When is someone a highly skilled migrant

When is someone a higly skilled migrant?

mr. D.O. (David) Wernsingon

There is a great demand in the Netherlands for highly educated professionals from outside the EU. The majority of these enter the Netherlands as highly skilled migrants. But when is someone actually a highly skilled migrant? There are a number of requirements attached to this (a specific educational requirement is not one of them!). Miriam and David summarize the requirements for you.

The Immigration and Naturalisation Service (IND) recently published its annual figures for 2022. These figures show, among other things, that 33,030 applications have been submitted for the category Knowledge & Talent. This concerns highly educated professionals with a nationality from outside the EU/EEA and Switzerland - third country nationals. The purposes of stay in this category are, among others, Employment as a Highly Skilled Migrant, European Blue Card and Search Year for Highly Skilled Migrants (with the purpose of finding employment as a Highly Skilled Migrant).  These numbers show that there is a great demand for highly educated professionals from outside the EU/EEA and Switzerland. In this blog, we will elaborate on the purpose of stay ‘Employment as a Highly Skilled Migrant'.

First of all, it is important to establish who is meant in this context when we talk about a highly skilled migrant. In practice, highly educated international professionals are often referred to as highly skilled migrants or expats. To avoid any misunderstandings; when we talk about highly skilled migrants we mean the foreign national who has a residence permit for ‘Arbeid als Kennismigrant’ (Employment as a Highly Skilled Migrant). 

A highly skilled migrant must meet a number of conditions. Other than the name suggests, there is no specific educational requirement. However, a highly skilled migrant must meet the following conditions:

  • Employment with a recognised sponsor - with the exception of Turkish Highly Skilled Migrants, who may also be employed by a non-recognised sponsor;

  • Earning a salary that at least meets the statutory wage criterion for highly skilled migrants;

  • The salary is in line with the market;

  • There has been a careful recruitment and selection of the highly skilled migrant.

Last week, we explained in our blog how an organisation can become an recognised sponsor for the purpose of stay ‘Arbeid Regulier en Kennismigranten’. Once an organisation has been recognised as a sponsor, it can submit an application for residence as a highly skilled migrant for its future employees.

The Highly Skilled Migrants Scheme - in its current form - has been in effect since September 2013 as a result of the Modern Migration Policy Act (MoMi) and brings with it a number of advantages. For example, recognised sponsors - through their status as a reliable partner of the IND - can make use of a shortened procedure to bring employees from outside the EU/EEA and Switzerland to the Netherlands. And the time-consuming, and in practice almost impossible procedure for obtaining a work permit (TWV) or combined residence and work permit (GVVA) is no longer required.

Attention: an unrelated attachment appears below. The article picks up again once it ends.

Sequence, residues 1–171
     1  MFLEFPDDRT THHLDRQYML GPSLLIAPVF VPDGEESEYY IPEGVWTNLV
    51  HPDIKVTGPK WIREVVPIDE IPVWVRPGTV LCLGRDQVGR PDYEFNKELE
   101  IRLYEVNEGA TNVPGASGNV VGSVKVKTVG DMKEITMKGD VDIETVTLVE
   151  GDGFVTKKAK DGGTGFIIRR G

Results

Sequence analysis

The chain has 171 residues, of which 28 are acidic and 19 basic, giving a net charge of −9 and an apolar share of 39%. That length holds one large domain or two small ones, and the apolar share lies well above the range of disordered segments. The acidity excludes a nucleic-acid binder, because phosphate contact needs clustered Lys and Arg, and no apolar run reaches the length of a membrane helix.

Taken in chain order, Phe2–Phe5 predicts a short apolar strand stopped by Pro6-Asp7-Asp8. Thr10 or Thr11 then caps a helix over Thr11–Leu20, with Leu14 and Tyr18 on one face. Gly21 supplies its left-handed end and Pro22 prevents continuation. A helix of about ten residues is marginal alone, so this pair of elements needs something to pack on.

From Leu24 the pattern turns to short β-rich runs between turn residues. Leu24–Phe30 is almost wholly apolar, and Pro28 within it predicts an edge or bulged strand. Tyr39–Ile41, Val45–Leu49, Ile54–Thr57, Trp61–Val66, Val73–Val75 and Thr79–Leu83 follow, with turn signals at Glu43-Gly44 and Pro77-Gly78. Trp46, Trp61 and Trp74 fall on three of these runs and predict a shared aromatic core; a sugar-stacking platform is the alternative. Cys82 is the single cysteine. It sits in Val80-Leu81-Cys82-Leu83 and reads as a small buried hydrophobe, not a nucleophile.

On the other hand, the recognised sponsor must familiarise himself with the legislation and regulations relating to highly skilled migrants and correctly apply the procedures prior to starting the employment, during the employment and upon termination of the employment.

In general terms, we distinguish three categories of highly skilled migrants. For each of these categories a legal salary criterion is defined:

  • Highly skilled migrant younger than 30 years of age (€3,672 gross per month)

  • Highly skilled migrant 30 years and older (€ 5,008 gross per month)

  • Highly skilled migrant following graduation or search year (€2,631 gross per month)

When exactly which wage criterion should be applied and what points of attention there are for the payroll administration, we will explain in another blog in a fortnight time.

To be able to determine the correct salary criterion, it is, among other things, important to determine which procedure should be followed for the establishment or extension of the stay of the highly skilled migrant. The following procedures can all be applicable when an organisation wants to act as a sponsor for a highly skilled migrant:

  • Procedure for Entry and residence (TEV);

  • Procedure for Regular Residence Permit (VVR);

  • Change the purpose of residence permit to highly skilled migrant;

  • Registering a highly skilled migrant;

  • Extension of residence permit highly skilled migrant;

It is important that the correct procedure is followed in order to prevent problems in the future. Which procedure is followed determines the salary criterion to be applied and, in addition, each procedure has its own points of attention. Next week, we will elaborate on the above procedures. We will also discuss the actions to be taken when the employment contract between the highly skilled migrant and the recognised sponsor is terminated. A proper termination is at least as important as a proper start. 

Do you have any questions about this topic? Please do not hesitate to contact David Wernsing.  He is happy to assist you!

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